3. Plan-Do-Check-Act —  Implementing a PDCA approach will enhance useage and perceived value of new or redesigned intiiatives. On top of ensuring you communicate regularly and follow change management best practices, it will increase the likelihood that information and resources translate into healthy habits that mitigate mental harm and help employees flourish. 


Early access to mental health support programs can help prevent disability claims. Ensure all workers know about the mental health resources and supports you offer. Employees should know how to access workplace support and community programs, how the EFAP program works, and be aware of prevention programs to help them develop coping skills. 

 Ask yourself and your leadership team these questions:

  • What mental health supports (e.g., EFAP, psychological health benefits coverage) do you have, and how do you inform and educate employees about the available supports? 

  • Do employees understand how to access support and realize that conversations and information they share are confidential?

Communicating and educating employees early and often is critical. In addition to eliminating confusion and uncertainty, your openness and encouragement will break down stigma and fear so they can access help quickly and efficiently when they need it.

Exit and entrance

Stigma and feeling like an outsider are common challenges when returning to the workplace. You should have exit and entrance plans in place that ensure employees feel connected when they are away from work, and supported by leadership and their peers when they are ready to return. 

Ask yourself and your leadership team these questions:

  • What is the plan to support employees who must go off work to deal with mental health concerns, and do you have a plan in place for their return? 

  • How do you evaluate employees’ experience with disability management and return-to-work programs? 

  • What are you doing to help employees who take time off work get the support they need to get well?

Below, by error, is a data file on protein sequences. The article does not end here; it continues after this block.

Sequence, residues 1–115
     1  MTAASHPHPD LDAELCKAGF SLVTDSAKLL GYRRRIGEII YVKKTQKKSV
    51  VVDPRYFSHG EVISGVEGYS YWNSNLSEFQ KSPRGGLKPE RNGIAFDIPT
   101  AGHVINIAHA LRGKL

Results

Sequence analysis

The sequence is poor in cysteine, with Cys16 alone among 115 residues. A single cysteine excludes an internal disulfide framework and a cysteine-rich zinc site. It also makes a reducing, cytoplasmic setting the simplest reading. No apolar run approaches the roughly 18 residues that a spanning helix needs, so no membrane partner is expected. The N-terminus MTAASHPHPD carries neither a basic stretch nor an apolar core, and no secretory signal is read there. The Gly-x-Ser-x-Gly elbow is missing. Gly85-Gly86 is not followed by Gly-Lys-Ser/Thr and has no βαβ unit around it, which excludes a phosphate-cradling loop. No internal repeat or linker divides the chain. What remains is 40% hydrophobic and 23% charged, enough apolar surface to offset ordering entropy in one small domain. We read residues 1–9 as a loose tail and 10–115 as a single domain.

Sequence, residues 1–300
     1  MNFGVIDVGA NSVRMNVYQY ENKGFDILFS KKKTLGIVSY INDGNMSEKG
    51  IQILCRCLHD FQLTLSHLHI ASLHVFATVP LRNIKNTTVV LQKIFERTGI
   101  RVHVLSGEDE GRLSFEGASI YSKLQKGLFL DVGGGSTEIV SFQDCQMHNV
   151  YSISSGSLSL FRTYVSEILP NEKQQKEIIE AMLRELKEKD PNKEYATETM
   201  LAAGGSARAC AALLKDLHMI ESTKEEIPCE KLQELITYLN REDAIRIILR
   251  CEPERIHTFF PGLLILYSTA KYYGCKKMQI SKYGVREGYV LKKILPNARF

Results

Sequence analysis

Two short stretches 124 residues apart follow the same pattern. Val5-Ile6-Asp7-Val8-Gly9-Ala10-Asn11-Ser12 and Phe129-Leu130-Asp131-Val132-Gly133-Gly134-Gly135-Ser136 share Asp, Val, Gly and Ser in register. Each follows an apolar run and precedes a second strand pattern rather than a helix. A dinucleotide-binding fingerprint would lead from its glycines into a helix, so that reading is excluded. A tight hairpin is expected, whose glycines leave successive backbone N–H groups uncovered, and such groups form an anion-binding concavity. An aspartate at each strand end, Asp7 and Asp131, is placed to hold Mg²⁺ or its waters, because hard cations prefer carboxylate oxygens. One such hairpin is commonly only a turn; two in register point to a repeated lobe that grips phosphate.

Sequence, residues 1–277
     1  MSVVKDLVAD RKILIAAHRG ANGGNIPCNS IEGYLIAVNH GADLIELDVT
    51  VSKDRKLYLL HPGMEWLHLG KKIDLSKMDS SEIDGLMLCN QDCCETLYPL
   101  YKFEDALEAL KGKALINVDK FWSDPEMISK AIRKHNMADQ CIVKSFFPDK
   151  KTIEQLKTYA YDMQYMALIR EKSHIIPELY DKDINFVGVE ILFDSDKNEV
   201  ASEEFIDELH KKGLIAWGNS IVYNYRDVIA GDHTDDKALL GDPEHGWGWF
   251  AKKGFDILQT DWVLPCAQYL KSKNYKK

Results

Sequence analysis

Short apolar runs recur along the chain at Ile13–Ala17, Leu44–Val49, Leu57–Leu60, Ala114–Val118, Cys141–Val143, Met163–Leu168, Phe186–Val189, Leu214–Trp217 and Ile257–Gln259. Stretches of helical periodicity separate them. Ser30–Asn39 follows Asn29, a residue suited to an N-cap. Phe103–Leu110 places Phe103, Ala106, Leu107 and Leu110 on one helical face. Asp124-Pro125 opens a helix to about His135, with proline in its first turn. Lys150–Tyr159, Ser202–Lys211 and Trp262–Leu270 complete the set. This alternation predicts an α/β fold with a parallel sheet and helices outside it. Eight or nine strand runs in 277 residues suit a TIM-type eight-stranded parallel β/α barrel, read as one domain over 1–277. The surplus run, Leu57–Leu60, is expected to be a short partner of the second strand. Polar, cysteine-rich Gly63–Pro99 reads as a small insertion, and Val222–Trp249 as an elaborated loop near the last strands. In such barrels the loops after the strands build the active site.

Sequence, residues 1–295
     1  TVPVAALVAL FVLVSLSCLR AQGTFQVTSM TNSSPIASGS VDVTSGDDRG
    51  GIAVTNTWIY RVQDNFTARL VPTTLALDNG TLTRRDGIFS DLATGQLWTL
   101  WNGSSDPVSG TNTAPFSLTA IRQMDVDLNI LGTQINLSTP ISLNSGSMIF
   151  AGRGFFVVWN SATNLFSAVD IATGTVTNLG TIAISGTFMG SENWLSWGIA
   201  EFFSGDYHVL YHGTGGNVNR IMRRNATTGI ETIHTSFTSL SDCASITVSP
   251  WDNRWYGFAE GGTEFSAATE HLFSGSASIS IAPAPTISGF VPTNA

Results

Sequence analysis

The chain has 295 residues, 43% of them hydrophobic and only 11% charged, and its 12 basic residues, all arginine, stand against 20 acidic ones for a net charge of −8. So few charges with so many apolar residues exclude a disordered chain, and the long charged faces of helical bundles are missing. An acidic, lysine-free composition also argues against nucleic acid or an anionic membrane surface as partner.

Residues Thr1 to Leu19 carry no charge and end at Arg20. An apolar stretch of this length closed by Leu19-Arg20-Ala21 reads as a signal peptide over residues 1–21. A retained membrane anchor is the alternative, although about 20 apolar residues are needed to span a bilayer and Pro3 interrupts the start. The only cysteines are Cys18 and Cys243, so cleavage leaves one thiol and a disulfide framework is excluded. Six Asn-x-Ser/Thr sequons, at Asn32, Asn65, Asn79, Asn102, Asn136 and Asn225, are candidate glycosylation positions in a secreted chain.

The size of an organization is often a factor in workplace mental health claim management. Many small businesses do not have short or long-term disability management programs. As a result, employees who are taking time away from work to deal with a mental health concern must navigate the public mental health system while they are trying to get better, which can be overwhelming. To address this, small business employers can provide a playbook with information about public mental services, such as CMHA, and community-based resources (e.g., substance use treatment and gambling support).

Ensure leaders and teammates are prepared and clear about expectations in supporting peers who are returning to work, whether for mental illness, cancer, surgery, or pregnancy. Employees should also understand that accommodations may be in place.

Manage workload realistically. A gradual return to workload and other accommodations (e.g., half days) may help a worker get back on track at a pace that does not create harm.

All employees should know that time away from work will be treated confidentially, with respect and support based on individual needs. Ensure everyone understands the importance of being helpful, professional, and supportive so employees returning to the workplace feel psychologically safe, included, welcomed, and supported. There can be no tolerance for oppression, omission, or incivility. 

Tackling this issue doesn’t require us to be workplace mental health experts. However, we must recognize the important role we play in controlling workplace factors, encouraging healthy habits to mitigate the risk of harm and mental health claims, and helping those who are or have been unwell so they can return to feeling healthy, strong and flourishing at work.

Get to know the authors – Dr. Bill Howatt